This week’s prompt for 52 Ancestors is Family Legend.
One of the most interesting family legends in my paternal family is that of the supposed engagement of Sarah Eve, the sister of my 5th great-grandfather, to Dr. Benjamin Rush, a signer of the Declaration of Independence and a celebrated physician. I told their story in an earlier post, Valentines for Two Sarahs. For this post, I will share how this story got passed down.
Sarah, at least for a few years of her life, kept a journal. At the beginning of the journal, she states the purpose of the journal is to keep a record of the family’s social engagements while her father is away for several years making his living. While the journal mentions Dr. Rush many times, there is no talk of romance, but the journal doesn’t cover the time of their supposed courtship and engagement. Dr. Rush’s papers don’t make any mention of Miss Eve, but if they ever did, he may have destroyed any that did. Sarah passed away late in 1774, having been sick that fall, and being attended to by Dr. Rush. She was buried 4 December 1774. She was 24 or 25 years old.
Sarah’s brother, Oswell, my 5th great-grandfather, moved to Charleston, South Carolina, and married Aphra Ann Pritchard on 29 June 1783. Later, they would move to Edgefield, South Carolina, and after that to Augusta, Georgia. They had 15 children, 11 of whom survived to adulthood, including two of my 4th great-grandmothers: Mary Elizabeth (Eve) Charmichael and Martha Henrietta (Eve) Longstreet. Oswell’s daughters, Mary, Sarah, and Emmaline, wrote journals or memoirs that exist today. It is Emmaline’s memoir that perpetuates the story of an engagement between her Aunt Sarah and Dr. Rush.
Emmaline Oswell Eve was the 10th child of Oswell and Aphra, born 16 November 1798, some 24 years after Sarah’s death. At the age of 32, Emmaline married William Smith, a widower with 3 daughters. They would have 6 children, with only one son living past infancy. Emmaline died 29 October 1882, just shy of her 84th birthday.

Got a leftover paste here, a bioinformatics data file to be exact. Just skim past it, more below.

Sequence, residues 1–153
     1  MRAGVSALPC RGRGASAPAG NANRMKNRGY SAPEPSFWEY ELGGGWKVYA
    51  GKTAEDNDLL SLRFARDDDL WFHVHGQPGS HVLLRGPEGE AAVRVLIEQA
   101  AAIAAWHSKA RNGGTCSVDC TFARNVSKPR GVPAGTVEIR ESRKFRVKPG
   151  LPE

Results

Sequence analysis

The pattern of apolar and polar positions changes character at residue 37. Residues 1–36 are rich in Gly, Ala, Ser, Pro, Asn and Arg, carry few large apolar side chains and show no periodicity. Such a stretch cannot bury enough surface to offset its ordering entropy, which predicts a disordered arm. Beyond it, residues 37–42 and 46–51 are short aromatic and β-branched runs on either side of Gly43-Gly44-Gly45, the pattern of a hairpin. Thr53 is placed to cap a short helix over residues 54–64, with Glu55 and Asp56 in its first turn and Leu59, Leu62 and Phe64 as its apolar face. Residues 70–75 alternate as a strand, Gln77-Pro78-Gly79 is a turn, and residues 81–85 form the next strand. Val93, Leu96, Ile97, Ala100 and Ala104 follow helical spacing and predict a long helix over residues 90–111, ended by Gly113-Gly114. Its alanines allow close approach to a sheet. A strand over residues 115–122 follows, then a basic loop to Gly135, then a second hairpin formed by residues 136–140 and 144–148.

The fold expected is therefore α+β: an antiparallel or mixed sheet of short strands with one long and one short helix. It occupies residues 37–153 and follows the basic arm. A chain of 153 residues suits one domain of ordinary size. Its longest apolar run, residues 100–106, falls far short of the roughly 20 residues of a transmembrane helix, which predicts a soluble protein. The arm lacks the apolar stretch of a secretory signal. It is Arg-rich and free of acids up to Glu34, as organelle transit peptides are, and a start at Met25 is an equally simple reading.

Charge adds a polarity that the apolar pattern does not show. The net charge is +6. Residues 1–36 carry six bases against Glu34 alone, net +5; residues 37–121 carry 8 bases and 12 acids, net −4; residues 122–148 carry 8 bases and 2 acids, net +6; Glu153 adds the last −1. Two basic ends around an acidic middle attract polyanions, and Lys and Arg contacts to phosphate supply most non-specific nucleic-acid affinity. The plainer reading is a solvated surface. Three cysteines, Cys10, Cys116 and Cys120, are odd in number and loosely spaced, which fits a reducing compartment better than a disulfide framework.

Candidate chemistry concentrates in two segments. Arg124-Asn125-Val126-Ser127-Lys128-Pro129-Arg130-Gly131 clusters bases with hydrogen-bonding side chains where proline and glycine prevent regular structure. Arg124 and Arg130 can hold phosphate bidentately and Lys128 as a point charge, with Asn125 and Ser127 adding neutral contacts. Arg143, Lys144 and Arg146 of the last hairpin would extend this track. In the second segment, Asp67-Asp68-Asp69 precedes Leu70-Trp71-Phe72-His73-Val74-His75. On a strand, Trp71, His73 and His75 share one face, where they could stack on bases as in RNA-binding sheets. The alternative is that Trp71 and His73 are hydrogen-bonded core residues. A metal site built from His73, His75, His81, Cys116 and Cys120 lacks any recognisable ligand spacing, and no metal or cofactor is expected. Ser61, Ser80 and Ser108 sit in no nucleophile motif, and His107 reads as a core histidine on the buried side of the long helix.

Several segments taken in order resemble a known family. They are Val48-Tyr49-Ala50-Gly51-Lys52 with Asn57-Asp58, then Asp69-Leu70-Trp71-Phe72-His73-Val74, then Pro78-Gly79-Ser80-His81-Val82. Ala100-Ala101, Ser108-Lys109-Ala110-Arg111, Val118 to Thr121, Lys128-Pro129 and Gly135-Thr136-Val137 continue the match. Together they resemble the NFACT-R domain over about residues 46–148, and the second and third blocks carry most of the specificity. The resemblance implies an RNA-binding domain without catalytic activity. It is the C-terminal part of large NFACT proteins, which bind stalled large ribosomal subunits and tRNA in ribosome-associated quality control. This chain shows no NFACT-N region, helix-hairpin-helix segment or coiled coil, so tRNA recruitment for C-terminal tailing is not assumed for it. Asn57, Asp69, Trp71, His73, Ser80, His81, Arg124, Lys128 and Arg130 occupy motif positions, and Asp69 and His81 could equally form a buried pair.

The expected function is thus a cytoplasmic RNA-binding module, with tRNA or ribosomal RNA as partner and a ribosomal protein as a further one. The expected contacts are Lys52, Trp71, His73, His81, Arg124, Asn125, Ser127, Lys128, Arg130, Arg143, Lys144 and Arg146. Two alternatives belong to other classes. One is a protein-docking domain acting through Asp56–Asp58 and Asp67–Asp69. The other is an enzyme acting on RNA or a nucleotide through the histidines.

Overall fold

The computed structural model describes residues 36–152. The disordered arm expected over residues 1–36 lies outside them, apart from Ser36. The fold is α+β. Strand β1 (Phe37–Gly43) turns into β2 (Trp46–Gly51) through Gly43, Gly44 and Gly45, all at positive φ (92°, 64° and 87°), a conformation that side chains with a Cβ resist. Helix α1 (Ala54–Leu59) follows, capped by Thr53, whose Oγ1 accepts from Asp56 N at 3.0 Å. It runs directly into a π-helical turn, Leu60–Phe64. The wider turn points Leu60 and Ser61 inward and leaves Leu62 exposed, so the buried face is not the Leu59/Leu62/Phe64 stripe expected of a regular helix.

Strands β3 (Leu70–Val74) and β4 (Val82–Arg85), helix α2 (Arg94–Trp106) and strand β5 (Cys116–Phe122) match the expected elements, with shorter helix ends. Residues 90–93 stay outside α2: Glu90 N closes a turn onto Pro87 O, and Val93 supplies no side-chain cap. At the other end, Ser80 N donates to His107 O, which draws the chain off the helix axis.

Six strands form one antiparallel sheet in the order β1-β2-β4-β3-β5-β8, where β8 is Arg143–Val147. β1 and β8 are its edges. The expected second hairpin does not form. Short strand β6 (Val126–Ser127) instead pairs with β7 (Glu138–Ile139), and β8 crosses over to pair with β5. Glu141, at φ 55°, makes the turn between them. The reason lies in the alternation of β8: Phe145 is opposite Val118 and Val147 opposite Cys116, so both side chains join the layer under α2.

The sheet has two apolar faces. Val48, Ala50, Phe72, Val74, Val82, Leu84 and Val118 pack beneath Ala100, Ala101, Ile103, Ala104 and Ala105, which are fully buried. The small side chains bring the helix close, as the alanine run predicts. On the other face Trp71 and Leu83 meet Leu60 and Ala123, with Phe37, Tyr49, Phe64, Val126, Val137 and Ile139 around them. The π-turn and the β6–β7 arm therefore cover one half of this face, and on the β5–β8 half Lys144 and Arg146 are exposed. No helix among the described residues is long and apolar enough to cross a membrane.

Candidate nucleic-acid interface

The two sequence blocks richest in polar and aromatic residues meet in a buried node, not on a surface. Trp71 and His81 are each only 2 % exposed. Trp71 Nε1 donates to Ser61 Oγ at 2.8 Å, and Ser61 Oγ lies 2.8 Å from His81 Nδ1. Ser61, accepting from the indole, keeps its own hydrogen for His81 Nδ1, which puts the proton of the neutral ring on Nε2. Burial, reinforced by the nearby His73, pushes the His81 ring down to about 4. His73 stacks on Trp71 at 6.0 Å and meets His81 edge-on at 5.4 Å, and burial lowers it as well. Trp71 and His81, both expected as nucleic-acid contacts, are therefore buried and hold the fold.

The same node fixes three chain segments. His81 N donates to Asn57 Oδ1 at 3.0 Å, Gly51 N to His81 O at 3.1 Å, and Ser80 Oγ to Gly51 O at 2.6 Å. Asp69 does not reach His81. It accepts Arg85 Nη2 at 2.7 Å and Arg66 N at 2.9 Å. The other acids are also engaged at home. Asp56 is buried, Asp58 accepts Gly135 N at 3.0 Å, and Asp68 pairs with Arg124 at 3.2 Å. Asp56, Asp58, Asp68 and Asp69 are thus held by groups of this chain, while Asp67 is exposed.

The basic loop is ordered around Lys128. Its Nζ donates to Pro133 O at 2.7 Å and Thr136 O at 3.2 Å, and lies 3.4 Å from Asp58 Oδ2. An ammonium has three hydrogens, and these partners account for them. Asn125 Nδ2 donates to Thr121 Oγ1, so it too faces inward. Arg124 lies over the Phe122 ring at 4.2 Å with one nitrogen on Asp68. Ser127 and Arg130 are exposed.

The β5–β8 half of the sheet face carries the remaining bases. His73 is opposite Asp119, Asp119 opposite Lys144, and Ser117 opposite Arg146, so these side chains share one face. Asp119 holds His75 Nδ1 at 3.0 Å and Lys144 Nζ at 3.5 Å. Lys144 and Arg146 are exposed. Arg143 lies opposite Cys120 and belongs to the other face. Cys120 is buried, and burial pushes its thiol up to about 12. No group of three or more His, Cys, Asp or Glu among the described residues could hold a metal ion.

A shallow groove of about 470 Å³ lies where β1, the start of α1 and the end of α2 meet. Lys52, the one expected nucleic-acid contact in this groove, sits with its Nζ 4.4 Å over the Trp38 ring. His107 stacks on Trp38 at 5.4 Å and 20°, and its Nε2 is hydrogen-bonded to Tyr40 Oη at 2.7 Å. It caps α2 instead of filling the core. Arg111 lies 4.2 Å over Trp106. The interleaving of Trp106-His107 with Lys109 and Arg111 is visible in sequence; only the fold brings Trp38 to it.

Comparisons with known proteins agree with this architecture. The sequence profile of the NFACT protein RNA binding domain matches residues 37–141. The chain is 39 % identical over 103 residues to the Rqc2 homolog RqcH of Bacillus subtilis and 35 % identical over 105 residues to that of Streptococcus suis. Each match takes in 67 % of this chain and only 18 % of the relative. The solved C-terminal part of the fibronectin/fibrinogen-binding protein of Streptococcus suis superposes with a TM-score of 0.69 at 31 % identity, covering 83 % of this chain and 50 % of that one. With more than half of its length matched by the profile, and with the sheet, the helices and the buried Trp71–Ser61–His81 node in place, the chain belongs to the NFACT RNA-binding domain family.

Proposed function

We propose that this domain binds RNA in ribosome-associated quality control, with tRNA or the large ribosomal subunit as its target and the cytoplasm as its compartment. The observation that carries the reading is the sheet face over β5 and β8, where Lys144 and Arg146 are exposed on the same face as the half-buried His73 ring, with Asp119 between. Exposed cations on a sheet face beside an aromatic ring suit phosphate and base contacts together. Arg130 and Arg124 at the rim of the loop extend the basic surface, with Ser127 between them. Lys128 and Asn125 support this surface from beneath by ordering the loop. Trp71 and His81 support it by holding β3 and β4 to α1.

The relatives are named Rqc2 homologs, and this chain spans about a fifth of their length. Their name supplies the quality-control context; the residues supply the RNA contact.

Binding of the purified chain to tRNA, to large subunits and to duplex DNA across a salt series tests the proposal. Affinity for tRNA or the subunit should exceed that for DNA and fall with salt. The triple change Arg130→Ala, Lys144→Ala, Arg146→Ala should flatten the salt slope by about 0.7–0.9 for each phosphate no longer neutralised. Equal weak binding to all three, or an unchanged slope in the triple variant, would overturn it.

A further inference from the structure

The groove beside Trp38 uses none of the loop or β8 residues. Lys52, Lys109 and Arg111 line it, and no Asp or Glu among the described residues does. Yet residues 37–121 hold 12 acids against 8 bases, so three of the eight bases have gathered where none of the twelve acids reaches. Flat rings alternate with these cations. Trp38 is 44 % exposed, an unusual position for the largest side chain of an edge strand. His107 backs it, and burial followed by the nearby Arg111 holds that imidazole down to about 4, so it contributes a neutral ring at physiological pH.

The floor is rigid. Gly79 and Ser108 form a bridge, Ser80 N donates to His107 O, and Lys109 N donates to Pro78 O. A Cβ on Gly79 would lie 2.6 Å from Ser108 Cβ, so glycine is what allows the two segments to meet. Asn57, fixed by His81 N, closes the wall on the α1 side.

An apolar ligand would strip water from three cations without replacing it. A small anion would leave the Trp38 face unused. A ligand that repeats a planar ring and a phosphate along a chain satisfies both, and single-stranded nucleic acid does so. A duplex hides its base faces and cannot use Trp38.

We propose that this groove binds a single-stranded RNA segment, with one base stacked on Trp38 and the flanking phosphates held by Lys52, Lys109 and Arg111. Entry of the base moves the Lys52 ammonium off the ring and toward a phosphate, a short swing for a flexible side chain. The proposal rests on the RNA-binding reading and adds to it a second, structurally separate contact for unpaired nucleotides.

In her memoir, Emmaline gives extensive details about her own life. She describes a life well provided for by her father: a private dance instructor and tutor, boarding school, a special carriage made for her when she was an invalid, summers in Charleston with relatives, grand parties and weddings. She talks about adult life in terms of hardships endured during illnesses and the Civil War, being grateful for blessings and family, and loosing loved ones.
Emmaline also gives a history of her grandparents, parents, and each of her siblings. There are additional notes written after her death, including a letter and a list of descendants of her paternal grandparents.
The memoir was dictated to her niece, Elizabeth Eve (Longstreet) Carmichael (my 3rd great-grandmother), when Emmaline was 80 years old. At this point she has outlived her parents and all her siblings. She is also quite removed in time from many of the events described. While much of the information is probably correct, if not a little embellished, some of the facts she relates about her grandparents, Oswell and Anne (Moore) Eve, are incorrect. For example, she says that her grandfather was a Quaker. But records show that her grandmother was the Quaker. Anne’s ancestors joined the Quaker faith near the time of its origins in their native Ireland and she was disfellowshipped for marrying outside the society. There are also other details about her grandparents that are inconsistent with what records tell.
In the notes to this memoir, Emmaline relates in a letter to Elizabeth Carmichael the story of the engagement between Miss Eve and Dr. Rush. She writes,
As soon as [Oswell Eve’s] two eldest sons John and Oswell [Emmaline’s father] were large enough he took them to sea with him leaving the rest of his family at a place near Philadelphia where his wife and daughter lived until the war commenced in very comfortable circumstances seeing a great deal of company. It was then Dr. Rush became engaged to my Aunt [Sarah], but she died three weeks before the event was to take place.
In 1881, The Pennsylvania Magazine of History and Biography published extracts from Sarah Eve’s diary. As part of the introduction, the above letter is quoted as well as an extended anonymous tribute to her that was published in the Pennsylvania Packet. The introduction suggests, without any evidence, that the tribute was written by Dr. Rush. The text of the obituary is included in my previous post about their engagement.
This is how the story has been perpetuated. There doesn’t appear to have been much mention of a engagement before this time. I have found it on countless websites and in several biographies of Benjamin Rush. Each author has a different take on the likelihood of an engagement, from highly unlikely to probably, but not a good match. All these sites and books cite the extract of Sarah’s diary with its introduction published in The Pennsylvania Magazine of History and Biography.
Ultimately, there is no proof of an engagement. Dr. Rush’s papers make no mention of Miss Eve and I have not found other surviving records from the Eve family from that time. But it’s fun to think about the possibility of it and search for proof every now and then.